Class Projects for IEOR 6707, Fall 2004
Each student will do a class project, which will
culminate in both a written report, due at the end of the term,
and an oral presentation. The emphasis will be on both original insight
and effective communication.
Students have a wide latitude in the choice of
the project. It should be new work, not based on a project
for a previous course. Each student should turn in a brief
(on one-page) description of the intended project in class
on October 12. It would be good to informally discuss candidate
projects with me before that time.
Read and critically discuss a recent research paper (or papers)
on contact centers. The report should summarize the paper, but
go beyond that. The critical discussion could involve
consulting related papers, performing a simulation experiment
or doing new mathematical analysis. For example, Assaf Zeevi has recently written two interesting papers:
J. M. Harrison and A. Zeevi,
A Method for Staffing Large Call Centers Based on Stochastic Fluid Models.
A. Bassamboo, J. M. Harrison and A. Zeevi,
Design and Control of a Large Call Center: Asymptotic Analysis of an LP-Based Method.
Locate and investigate an operating contact center.
Do a statistical analysis of contact-center data.
For example, see
Avi Mandelbaum's bank call-center data.
Do a simulation study, e.g., of alternative routing strategies
for skill-based routing. For example, it may be possible to work with the simulation used
in the paper
A Staffing Algorithm for Call Centers with Skill-Based Routing written by Rodney Wallace
and the instructor.
Investigate contact centers in a particular industry, such
as banking and financial services.
Investigate human factors in contact centers.
Investigate models to analyze customer impatience
in invisible queues. For example see
Avi Mandelbaum's papers:
A. Mandelbaum and N. Shimkin,
A model for rational abandonments from invisible
queues. Queueing Systems 36 (2000) 141-173.
E. Zohar, A. Mandelbaum and N. Shimkin,
Adaptive behavior of impatient customers in tele-queues:
theory and empirical support. Management Science
48 (2002) 566-583.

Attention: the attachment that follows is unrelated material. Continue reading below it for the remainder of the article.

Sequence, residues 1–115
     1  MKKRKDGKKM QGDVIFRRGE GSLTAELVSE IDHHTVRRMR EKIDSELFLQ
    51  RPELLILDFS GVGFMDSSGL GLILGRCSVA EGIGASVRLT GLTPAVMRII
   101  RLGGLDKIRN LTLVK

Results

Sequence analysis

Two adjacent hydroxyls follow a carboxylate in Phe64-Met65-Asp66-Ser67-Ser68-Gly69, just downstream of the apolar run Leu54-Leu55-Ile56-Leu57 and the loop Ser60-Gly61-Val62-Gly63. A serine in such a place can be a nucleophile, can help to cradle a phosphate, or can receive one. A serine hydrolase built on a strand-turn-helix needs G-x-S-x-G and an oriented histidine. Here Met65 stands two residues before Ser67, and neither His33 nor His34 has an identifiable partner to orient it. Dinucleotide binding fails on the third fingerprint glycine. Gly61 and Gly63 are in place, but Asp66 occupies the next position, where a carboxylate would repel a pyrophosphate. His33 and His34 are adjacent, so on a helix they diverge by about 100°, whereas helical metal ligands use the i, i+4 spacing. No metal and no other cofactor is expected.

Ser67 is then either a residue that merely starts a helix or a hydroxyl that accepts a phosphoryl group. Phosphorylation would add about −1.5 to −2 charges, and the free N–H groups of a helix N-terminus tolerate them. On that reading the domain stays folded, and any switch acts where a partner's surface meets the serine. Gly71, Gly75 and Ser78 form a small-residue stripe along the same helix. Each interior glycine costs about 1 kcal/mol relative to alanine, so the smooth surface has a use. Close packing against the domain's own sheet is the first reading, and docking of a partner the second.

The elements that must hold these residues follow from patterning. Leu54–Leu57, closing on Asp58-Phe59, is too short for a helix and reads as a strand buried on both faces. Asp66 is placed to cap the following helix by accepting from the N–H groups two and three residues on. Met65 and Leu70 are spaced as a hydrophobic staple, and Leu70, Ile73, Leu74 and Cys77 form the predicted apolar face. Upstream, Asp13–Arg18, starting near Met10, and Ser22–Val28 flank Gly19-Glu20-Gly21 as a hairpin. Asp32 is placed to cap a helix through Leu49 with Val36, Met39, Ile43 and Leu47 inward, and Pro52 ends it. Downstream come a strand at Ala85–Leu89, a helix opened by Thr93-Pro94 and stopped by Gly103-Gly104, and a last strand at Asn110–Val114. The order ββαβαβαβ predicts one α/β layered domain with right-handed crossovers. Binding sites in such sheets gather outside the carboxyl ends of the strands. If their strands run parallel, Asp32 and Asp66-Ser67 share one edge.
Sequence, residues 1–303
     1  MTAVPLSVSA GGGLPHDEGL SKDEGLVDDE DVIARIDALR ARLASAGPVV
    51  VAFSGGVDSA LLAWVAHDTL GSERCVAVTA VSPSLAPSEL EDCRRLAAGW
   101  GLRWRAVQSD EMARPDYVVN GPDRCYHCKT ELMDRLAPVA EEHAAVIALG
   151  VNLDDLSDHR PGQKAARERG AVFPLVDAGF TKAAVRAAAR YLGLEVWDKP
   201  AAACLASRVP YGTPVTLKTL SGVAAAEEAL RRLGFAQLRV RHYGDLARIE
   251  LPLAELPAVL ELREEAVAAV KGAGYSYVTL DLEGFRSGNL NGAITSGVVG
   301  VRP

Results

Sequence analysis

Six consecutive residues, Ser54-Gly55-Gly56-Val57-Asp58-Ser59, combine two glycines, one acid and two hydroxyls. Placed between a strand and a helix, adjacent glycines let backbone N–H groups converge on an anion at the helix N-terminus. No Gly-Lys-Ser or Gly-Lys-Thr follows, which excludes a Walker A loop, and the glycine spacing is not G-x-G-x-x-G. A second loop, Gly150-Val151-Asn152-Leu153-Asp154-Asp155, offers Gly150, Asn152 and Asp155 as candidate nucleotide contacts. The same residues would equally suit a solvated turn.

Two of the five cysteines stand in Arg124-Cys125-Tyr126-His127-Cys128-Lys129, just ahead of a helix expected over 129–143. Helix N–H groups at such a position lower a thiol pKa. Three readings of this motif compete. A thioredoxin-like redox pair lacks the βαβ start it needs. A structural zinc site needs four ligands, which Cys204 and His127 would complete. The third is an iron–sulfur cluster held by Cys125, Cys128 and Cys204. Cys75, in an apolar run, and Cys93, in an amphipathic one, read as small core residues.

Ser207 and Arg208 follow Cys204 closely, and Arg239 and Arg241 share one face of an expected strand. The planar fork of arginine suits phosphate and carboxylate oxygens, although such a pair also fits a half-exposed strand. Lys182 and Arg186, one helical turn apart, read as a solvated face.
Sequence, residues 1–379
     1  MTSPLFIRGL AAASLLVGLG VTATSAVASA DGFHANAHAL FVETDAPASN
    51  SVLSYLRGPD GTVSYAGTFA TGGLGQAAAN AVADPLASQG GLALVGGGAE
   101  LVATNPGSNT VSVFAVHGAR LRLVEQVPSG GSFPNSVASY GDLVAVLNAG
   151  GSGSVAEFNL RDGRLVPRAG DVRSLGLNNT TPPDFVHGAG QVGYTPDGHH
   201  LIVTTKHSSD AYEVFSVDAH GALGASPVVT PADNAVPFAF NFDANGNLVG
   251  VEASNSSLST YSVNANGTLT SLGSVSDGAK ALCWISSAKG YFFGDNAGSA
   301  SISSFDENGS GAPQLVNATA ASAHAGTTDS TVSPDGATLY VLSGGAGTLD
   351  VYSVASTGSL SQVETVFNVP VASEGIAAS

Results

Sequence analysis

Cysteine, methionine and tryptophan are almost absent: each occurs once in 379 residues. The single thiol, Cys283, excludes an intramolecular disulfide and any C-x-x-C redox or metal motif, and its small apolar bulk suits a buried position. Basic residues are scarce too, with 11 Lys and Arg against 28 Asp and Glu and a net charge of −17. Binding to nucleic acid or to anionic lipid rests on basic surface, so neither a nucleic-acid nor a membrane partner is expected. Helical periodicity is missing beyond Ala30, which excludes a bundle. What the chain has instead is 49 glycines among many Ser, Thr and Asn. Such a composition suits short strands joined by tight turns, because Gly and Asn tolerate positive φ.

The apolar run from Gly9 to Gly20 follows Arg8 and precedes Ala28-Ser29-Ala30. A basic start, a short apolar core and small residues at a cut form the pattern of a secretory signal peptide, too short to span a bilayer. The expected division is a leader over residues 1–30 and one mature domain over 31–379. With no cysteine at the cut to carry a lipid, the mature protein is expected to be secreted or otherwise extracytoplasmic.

Survey mathematical programming approaches to agent
Investigate special problems in call centers for emergency
services (911 call centers). For example, see
Andrew Ross's 911 links.
Investigate alternative ways to do demand forecasting.
Investigate methods to do real-time prediction and control
of congestion in contact centers. For example, see my papers:
N. G. Duffield and WW,
Control and Recovery from Rare Congestion Events
in a Large Multi-Server System.
Queueing Systems 26 (1997) 69-104
Predicting Queueing Delays.
Management Science 45 (6) (1999) 870-888.
Dynamic Staffing in a Telephone Call Center Aiming
to Immediately Answer All Calls.
Operations Research Letters 24 (1999) 205-212.
Investigate ways to approximately characterize the variability
of non-Poisson stationary arrival (point) processes.
For example, see my papers:
Approximating a Point Process by a Renewal Process:
The View Through a Queue, An Indirect Approach.
Management Science 27 (6) (1981) 619-636.
Approximating a Point Process by a Renewal Process: Two Basic Methods.
Operations Research 30 (1)
Queue Tests for Renewal Processes.
Operations Research Letters
2 (1983) 7-12.
K. Sriram and WW,
Characterizing Superposition Arrival Processes in Packet Multiplexers
for Voice and Data.
IEEE Journal on Selected Areas in Communications,
SAC-4 (6) (1986) 833-846.
K. W. Fendick and WW,
Measurements and Approximations to Describe the Offered Traffic
and Predict the Average Workload in a Single-Server Queue.
Proceedings of the IEEE,
77 (1) (1989) 171-194.
(Reprinted in Stochastic Analysis of Computer and
Communication Systems (ed. H. Takagi),
North-Holland, Amsterdam, 1990, pp. 3-56.)
K. W. Fendick, V. R. Saksena and WW,
Dependence in Packet Queues.
IEEE Transactions on Communications,
vol. 37, No. 11, 1989, pp. 1173-1183.
Investigate ways to treat time-dependent arrival processes in
contact centers. For example, see my papers:
O. B. Jennings, A. Mandelbaum, W. A. Massey and WW,
Server Staffing to Meet Time-Varying Demand.
42 (10) (1996) 1383-1394
W. A. Massey, G. A. Parker and WW,
Estimating the Parameters of a Nonhomogeneous
Poisson Process with Linear Rate.
Telecommunication Systems 5 (1996) 361-388
W. A. Massey and WW,
Peak Congestion in Multi-Server Service Systems with
Slowly Varying Arrival Rates.
Queueing Systems 25 (1997) 157-172
Investigate models for multimedia in contact centers.
For example, see my paper:
Using Different Reponse-Time Requirements to Smooth
Time-Varying Demand for Service.
Operations Research Letters 24 (1-2)
Investigate customer retrials.
Investigate models for hiring and training of
customer service representatives.